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Two Master Gardeners have been named statewide awardees for their work with the Oregon State University Master Gardener program, and 25 have been recognized as county Master Gardeners of the year.
A limited number of places are open for the Oregon State University Master Gardener online course (Option One) that runs 12 weeks—Sept. 7 to Dec. 14. Registration for Option Two will open in late fall for the course that begins in January 2010.
Jim Thompson, a sheep specialist with the Oregon State University Extension Service, has received the Extension Award from the Western Section of the American Society of Animal Science. Fred Stormshak, a professor of physiology and biochemistry in OSU's department of animal sciences, has received the Distinguished Service Award from the Society for the Study of Reproduction.
A celebration of food and agriculture in Oregon continues Sept. 1, when a traveling exhibit of award-winning photos goes on display at the Seafood Consumer Center in Astoria.
Oregon State University will launch a free online course on Aug. 25 that teaches aging adults how to have a healthy lifestyle. The course, titled "Mastery of Aging Well: A Program for Healthy Living," is divided into five main topics: memory, depression, medication, food and physical activity. It is co-sponsored by AARP Oregon and supported by a grant from the U.S. Department of Agriculture.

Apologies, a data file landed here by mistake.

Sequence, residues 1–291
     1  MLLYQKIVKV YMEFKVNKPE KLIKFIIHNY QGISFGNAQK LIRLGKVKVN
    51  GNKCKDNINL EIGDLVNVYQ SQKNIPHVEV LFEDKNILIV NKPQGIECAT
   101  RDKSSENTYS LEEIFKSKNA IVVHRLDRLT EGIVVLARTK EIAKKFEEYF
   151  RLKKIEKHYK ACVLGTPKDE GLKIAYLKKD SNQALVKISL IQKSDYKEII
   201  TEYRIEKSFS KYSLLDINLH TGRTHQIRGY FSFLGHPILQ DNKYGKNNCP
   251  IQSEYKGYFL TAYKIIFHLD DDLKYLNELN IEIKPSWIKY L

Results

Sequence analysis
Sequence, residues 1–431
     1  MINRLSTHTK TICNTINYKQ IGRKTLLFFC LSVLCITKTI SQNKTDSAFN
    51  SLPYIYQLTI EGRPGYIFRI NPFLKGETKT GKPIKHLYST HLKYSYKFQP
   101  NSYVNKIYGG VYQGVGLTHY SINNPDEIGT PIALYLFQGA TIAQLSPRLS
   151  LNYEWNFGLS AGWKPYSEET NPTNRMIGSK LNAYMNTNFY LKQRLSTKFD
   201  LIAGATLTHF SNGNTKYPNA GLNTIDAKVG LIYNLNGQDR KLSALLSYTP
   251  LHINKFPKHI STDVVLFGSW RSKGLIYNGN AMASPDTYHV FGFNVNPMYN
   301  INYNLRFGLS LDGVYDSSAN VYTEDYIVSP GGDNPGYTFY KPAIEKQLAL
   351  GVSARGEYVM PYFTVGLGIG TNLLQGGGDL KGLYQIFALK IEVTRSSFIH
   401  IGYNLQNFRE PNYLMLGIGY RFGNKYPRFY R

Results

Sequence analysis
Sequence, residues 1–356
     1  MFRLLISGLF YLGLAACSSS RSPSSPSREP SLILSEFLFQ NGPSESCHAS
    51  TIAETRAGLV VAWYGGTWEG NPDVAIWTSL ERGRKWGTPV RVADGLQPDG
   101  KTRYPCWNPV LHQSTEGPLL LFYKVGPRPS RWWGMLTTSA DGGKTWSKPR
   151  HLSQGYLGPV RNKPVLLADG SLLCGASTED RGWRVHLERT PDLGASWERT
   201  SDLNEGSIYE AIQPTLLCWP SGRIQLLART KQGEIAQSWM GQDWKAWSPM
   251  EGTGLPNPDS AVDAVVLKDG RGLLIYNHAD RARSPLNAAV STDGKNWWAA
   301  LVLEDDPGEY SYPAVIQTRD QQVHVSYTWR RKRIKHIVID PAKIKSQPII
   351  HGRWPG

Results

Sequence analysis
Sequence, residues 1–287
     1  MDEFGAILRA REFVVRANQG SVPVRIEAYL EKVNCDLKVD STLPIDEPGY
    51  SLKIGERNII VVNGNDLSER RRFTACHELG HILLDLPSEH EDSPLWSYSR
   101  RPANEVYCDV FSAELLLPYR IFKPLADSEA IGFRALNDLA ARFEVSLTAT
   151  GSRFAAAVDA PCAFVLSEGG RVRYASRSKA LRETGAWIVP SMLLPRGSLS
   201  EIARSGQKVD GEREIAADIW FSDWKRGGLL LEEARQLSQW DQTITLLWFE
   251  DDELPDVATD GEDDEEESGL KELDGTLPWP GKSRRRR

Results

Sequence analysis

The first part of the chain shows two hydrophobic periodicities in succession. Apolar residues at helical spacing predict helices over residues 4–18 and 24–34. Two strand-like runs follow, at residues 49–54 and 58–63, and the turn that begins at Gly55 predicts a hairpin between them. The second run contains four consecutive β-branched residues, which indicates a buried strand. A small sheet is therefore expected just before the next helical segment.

A business is more likely to over-comply with environmental regulations if its senior management believes in protecting the environment and that it makes financial sense in the long term, according to a study by an economist at Oregon State University. The study, published online in the Journal of Environmental Management, examined why some firms violate environmental regulatory standards while others exceed them. It used data from a survey that 689 businesses in Oregon answered. The study's author, OSU professor JunJie Wu, said the results could be useful to policymakers when developing strategies to reduce environmental violations and encourage firms to do more than regulations require.
Klamath Basin Fresh Direct has been awarded exclusive rights to grow and market the Purple Pelisse, a new purple fingerling developed by the USDA and three Northwest universities. The potato is the first specialty spud that Oregon State University, the University of Idaho, Washington State University and the U.S. Department of Agriculture have jointly made available for public consumption. It also has three times greater ability to potentially protect cells from damage caused by free radicals compared with the Russet Burbank, a study showed. Its possible health benefits come from antioxidants, which are mainly in the form of anthocyanin pigments and vitamin C. In culinary trials, testers found that the Purple Pelisse is ideal for boiling and baking and that its chips retain their bright purple color and resist fading.